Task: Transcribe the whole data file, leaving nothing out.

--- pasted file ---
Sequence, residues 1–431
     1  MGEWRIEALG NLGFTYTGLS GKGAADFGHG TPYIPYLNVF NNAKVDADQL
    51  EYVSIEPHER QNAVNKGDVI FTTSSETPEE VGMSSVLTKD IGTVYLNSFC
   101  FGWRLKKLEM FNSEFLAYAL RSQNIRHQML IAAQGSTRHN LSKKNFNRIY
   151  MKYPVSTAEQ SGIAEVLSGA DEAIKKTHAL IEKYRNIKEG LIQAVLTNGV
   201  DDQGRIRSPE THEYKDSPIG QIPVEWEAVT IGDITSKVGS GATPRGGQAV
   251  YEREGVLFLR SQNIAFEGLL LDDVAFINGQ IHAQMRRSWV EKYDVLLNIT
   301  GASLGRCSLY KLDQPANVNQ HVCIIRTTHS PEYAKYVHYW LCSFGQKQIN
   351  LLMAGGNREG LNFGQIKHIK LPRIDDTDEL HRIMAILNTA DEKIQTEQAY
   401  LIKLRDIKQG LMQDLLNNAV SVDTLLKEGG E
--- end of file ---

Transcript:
Sequence, residues 1–431
     1  MGEWRIEALG NLGFTYTGLS GKGAADFGHG TPYIPYLNVF NNAKVDADQL
    51  EYVSIEPHER QNAVNKGDVI FTTSSETPEE VGMSSVLTKD IGTVYLNSFC
   101  FGWRLKKLEM FNSEFLAYAL RSQNIRHQML IAAQGSTRHN LSKKNFNRIY
   151  MKYPVSTAEQ SGIAEVLSGA DEAIKKTHAL IEKYRNIKEG LIQAVLTNGV
   201  DDQGRIRSPE THEYKDSPIG QIPVEWEAVT IGDITSKVGS GATPRGGQAV
   251  YEREGVLFLR SQNIAFEGLL LDDVAFINGQ IHAQMRRSWV EKYDVLLNIT
   301  GASLGRCSLY KLDQPANVNQ HVCIIRTTHS PEYAKYVHYW LCSFGQKQIN
   351  LLMAGGNREG LNFGQIKHIK LPRIDDTDEL HRIMAILNTA DEKIQTEQAY
   401  LIKLRDIKQG LMQDLLNNAV SVDTLLKEGG E